Vogelheim would like to see a fare-free system implemented. He thinks it would increase ridership closer to ITP objectives. Wackerly admits he’s thought about a fare-free transit plan, but fears losing money from local businesses, especially Jackson Hole Mountain Resort, who buy bus passes for employees and visitors.

“There is a sentiment here to go fare-free,” Wackerly acknowledged. “You are not going to help all that many people and potentially could lose that $300,000 you are getting from local businesses who will say, ‘Why should I fund something that is free?’ We probably make $100,000 to $150,000 or so through the $3 fares that people are putting in. I’ve estimated the total cost of going fare-free to be somewhere between $800,000 and a million dollars a year to do that. To me, that’s a policy decision. I can’t say it’s worth that or it’s not worth it.”

Wackerly favors adding a dedicated penny sales tax to be used for transit and housing in Teton County but convincing political leaders to get behind a tax hike won’t be easy.

“At this point, [I would be a ‘no’],” Vogelheim said. “In the past, I’ve fought very hard against increasing the sales tax. I have always been a proponent of the lodging tax as an alternative. If we did add another penny to the sales tax I think we would be the highest in the state. Everybody else is trying to get to 6 cents, we’d be jumping to 7 cents.”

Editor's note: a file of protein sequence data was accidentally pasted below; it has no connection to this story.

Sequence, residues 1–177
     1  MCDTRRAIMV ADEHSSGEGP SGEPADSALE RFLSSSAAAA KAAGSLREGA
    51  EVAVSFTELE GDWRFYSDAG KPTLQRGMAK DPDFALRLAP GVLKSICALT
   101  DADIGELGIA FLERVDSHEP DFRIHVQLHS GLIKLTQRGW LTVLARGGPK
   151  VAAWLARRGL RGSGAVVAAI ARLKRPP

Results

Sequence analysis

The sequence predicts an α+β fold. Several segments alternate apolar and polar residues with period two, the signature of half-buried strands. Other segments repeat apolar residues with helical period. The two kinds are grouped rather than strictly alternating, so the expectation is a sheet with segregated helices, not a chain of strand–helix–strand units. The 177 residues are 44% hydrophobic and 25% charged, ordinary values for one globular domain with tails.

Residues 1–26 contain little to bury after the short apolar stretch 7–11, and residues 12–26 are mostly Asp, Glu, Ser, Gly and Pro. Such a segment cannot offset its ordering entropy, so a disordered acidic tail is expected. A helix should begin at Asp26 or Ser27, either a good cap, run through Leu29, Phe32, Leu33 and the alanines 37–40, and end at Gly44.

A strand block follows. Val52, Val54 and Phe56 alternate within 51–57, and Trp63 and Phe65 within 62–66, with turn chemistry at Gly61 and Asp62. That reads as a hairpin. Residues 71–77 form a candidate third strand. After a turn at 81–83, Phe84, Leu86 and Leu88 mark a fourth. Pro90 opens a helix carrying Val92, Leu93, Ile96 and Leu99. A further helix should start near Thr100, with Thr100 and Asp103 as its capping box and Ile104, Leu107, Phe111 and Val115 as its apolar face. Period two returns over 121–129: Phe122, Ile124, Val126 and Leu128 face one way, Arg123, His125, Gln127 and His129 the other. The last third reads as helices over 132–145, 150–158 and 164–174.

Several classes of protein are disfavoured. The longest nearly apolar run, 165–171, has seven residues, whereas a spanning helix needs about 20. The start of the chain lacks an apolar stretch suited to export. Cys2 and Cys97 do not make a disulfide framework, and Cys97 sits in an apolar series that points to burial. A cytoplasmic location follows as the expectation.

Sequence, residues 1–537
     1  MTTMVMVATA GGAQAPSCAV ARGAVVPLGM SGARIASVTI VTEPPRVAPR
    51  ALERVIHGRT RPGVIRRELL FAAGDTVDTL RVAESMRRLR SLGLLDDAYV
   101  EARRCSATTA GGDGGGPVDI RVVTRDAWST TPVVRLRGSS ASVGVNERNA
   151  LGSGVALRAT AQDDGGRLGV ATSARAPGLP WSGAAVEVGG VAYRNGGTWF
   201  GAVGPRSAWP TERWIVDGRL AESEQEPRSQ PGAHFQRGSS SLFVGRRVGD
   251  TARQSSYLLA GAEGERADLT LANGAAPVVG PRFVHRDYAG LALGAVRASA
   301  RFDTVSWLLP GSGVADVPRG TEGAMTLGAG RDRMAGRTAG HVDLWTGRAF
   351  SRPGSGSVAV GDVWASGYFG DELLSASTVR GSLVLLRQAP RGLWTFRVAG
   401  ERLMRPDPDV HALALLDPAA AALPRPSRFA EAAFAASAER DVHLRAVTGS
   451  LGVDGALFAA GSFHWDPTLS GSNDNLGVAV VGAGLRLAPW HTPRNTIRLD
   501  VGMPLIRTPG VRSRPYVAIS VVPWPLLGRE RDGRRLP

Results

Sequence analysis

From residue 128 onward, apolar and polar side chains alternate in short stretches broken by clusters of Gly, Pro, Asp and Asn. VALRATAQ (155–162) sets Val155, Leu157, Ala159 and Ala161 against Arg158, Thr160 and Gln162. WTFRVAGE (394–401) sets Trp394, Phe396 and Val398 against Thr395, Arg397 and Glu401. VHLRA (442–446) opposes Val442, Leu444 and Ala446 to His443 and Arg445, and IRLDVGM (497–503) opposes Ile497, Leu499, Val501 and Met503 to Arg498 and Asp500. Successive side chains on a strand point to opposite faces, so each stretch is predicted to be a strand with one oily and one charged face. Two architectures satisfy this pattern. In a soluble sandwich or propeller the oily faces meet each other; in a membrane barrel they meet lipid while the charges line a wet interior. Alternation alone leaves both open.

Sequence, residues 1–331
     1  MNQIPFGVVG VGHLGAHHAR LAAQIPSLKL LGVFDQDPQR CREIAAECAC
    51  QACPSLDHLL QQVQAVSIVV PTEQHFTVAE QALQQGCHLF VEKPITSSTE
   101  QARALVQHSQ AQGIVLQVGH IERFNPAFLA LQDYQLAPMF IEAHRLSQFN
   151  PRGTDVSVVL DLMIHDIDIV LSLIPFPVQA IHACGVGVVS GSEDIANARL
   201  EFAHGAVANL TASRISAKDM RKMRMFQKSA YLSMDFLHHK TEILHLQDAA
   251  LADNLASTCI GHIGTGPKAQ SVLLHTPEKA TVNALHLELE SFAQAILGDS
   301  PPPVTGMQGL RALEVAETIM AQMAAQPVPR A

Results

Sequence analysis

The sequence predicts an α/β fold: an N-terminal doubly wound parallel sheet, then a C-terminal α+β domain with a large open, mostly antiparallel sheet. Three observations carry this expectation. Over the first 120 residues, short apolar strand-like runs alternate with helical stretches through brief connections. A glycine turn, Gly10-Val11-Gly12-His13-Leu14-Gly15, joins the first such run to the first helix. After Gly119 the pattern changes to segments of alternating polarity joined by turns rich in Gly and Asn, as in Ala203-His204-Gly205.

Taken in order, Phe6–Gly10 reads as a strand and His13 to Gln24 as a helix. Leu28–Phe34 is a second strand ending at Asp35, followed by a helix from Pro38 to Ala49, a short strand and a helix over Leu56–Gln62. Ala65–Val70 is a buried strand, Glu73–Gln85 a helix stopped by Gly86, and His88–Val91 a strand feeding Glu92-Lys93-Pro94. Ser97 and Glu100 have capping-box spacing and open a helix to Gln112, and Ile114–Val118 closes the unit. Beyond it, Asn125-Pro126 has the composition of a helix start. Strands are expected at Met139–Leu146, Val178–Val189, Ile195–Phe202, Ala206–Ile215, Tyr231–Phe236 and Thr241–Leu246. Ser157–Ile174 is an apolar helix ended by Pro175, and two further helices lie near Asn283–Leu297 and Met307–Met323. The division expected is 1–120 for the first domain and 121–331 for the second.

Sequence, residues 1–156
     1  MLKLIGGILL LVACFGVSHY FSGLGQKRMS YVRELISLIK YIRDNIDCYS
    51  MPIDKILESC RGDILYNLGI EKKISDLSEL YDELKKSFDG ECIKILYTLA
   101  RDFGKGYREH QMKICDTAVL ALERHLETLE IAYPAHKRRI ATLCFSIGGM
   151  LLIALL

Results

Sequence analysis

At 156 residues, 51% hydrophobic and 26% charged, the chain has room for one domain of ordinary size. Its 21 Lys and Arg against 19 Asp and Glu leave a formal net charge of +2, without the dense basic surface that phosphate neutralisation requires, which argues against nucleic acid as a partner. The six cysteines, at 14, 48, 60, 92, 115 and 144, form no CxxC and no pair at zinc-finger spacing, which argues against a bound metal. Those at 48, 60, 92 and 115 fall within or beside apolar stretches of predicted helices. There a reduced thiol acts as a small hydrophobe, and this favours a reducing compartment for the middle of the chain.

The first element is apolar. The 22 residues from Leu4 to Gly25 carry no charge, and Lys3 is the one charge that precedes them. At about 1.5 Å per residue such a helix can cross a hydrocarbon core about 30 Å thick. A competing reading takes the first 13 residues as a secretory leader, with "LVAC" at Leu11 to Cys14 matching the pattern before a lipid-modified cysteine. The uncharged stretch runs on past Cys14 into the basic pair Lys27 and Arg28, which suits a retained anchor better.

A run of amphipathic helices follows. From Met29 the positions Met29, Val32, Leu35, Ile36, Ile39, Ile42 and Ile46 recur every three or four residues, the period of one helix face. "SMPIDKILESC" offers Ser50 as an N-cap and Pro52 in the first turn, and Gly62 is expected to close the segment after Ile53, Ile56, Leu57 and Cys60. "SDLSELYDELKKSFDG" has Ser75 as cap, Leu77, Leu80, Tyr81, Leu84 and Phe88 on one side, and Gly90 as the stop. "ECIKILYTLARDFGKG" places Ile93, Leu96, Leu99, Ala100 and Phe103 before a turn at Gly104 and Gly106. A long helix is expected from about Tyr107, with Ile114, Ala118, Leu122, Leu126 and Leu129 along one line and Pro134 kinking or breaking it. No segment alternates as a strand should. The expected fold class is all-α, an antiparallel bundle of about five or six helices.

Comparably-sized communities, operational budget

for mass transit (cost per resident), Year

Jackson, WY $1,770,000 ($174.64) 2006

Aspen, CO $1,996,000 ($296.67) 2006

Key West, FL $3,651,000 ($142.90) 2006

Gainesville, FL $14,296,000 ($112.14) 2013

Harrisburg, VA $5,071,000 ($98.67) 2006

Ames, IA $5,353,000 ($86.63) 2013

Oneonta, NY $1,202,000 ($86.19) 2013

Oshkosh, WI $4,387,000 ($65.70) 2013

Clemson, SC $923,000 ($64.65) 2012

Iowa City, IA $4,387,000 ($61.28) 2013

Bloomington, IN $4,411,000 ($53.42) 2013

East Hampton, NY $54,000 ($48.96) 2002

Pullman, WA $1,073,000 ($34.18) 2013

Mankato, MN $1,387,000 ($34.13) 2013

Grand Forks, ND $1,844,000 ($33.57) 2013

Corvallis, OR $1,779,000 ($32.17) 2006

Portland, ME $2,128,000 ($32.09) 2006

Big Rapids, MI $334,000 ($31.76) 2013